The Buckhead Community Improvement District held a meeting April 19 for the planned two-lane roundabout at the intersection of Wieuca Road and Phipps Boulevard.
The meeting, held at Wieuca Road Baptist Church, drew a crowd of around 20 community members who mostly seemed skeptical of the plan, but there were a few who are optimistic it would solve the intersection’s problems.
The project, estimated to cost $2 million, would take 12 to 18 months to complete. The target start date is the first quarter of 2018.
The consultants from Pond and Company say the roundabout would move traffic through the intersection more quickly than the current traffic light, but is also designed to keep traffic at a slow enough pace to ensure pedestrian and driver safety. The roundabout would also improve pedestrian and cyclist safety, consultants say, because it adds bike lanes and crosswalks with flashing beacons around the roundabout.
“I think it would be better than what we have now,” a Buckhead resident who didn’t want to be named said.
Jha Kairoya, who works in the area, said he thinks the roundabout is smart solution to the traffic problems plaguing the intersection.
“I think it’s smart,” he said. “They are used a lot in other countries and they know how to navigate them just fine.”
However, some residents are concerned about traffic backing up from the Wieuca and Peachtree Road intersection a quarter-mile away, that cars will have to cross lanes of traffic to get to the right lane and that drivers will be too impatient to let other drivers into the roundabout.
“It’s not being well thought through,” David Skid, the president of the Park Avenue Homeowners Association said. “I think this is incomplete.”
Others, like Stanley Steinberg, think the roundabout is too small and smaller than it was depicted in previous plans. Consultants said this is to keep from encroaching on property.
“I don’t think you’ve solved our problem,” Steinberg, who lives in a condominium near the intersection, said.
Marilyn, Steinberg’s wife, said she is often concerned for her safety when she exits her condo, but does not think the roundabout would make it more safe. U.S. drivers don’t know how to properly use roundabouts, she said.
Graham Malone, a transportation engineer working on the project, said he has heard concerns tonight, but “that’s why we’re here.”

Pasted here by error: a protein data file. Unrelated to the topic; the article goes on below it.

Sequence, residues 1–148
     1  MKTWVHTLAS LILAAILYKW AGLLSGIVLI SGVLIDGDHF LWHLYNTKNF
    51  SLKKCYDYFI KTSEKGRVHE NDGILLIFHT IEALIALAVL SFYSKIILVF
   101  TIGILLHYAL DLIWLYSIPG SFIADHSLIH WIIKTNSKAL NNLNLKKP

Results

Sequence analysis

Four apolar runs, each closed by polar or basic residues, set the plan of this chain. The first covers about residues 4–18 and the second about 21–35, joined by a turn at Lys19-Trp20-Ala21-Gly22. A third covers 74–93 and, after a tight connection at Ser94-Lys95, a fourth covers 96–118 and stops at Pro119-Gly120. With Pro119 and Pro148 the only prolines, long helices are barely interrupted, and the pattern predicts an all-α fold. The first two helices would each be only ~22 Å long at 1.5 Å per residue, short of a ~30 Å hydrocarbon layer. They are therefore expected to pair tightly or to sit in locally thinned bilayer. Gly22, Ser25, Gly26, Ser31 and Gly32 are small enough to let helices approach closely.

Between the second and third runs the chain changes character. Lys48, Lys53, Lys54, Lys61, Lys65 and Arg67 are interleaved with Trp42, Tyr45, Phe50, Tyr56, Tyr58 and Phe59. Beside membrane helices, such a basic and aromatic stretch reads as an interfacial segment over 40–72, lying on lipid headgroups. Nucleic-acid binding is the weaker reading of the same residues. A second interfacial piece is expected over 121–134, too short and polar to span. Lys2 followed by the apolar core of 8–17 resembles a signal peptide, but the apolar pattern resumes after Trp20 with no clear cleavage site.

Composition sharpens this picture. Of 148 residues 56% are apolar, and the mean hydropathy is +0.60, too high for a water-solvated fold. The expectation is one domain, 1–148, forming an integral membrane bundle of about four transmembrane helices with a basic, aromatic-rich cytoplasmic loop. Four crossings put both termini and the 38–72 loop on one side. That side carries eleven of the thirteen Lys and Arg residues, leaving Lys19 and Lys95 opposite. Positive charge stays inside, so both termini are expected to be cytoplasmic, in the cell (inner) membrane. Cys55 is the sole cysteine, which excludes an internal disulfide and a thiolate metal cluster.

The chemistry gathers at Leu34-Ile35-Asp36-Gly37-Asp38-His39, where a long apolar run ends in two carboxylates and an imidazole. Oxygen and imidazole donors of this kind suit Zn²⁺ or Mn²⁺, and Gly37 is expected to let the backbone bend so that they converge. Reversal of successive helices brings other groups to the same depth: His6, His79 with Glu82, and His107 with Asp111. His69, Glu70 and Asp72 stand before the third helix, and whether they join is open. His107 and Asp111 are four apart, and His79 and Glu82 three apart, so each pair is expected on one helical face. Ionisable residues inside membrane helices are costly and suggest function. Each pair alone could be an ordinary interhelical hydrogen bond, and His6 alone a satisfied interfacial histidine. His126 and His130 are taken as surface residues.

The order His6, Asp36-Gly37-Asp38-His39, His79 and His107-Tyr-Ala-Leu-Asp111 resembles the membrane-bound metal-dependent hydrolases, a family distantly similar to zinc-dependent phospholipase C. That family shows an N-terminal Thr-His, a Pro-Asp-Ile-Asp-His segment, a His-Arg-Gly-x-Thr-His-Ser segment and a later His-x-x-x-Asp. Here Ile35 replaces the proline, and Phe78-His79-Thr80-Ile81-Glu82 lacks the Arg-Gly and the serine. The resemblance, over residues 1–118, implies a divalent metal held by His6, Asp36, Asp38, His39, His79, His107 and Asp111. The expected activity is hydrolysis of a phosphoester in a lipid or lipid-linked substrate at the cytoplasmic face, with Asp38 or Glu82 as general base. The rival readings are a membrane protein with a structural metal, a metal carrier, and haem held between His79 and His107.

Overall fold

The consultants said in response to residents’ concerns that the roundabout will meter traffic enough to let others have time to get into the roundabout. They also said the lanes are designed so that drivers will need pick which one they need to be in before they enter the roundabout, alleviating the need to switch lanes.
However, there is an entrance to the roundabout that requires drivers to cross over one lane as soon as they enter or they will exit on the wrong street.
An avid cyclist, Kevin McCauley, the executive director of the Blue Heron Nature Preserve, said the way cyclists would have to navigate the roundabout – switching from crosswalks to roads to multi-use trails -can be disorienting.
Gordon Certain, the president of the North Buckhead Civic Association, told consultants he is concerned about the future of a small park in the area that his group raises funds for and maintains.
“We need to be involved or we’ll be unhappy,” Certain said to an environment planner working on the project.
The consultant, Matthew Wilder, said they will work together on plans for the park and will minimize the impact on the park.
Sally Silver, the policy analyst for District 7 City Councilmember Howard Shook, said her district believes there has not been enough public input and that there must be more meetings.
All the information on the roundabout will be posted on the Renew Atlanta Bond website by April 21. Comments can be submitted on that website until May 3.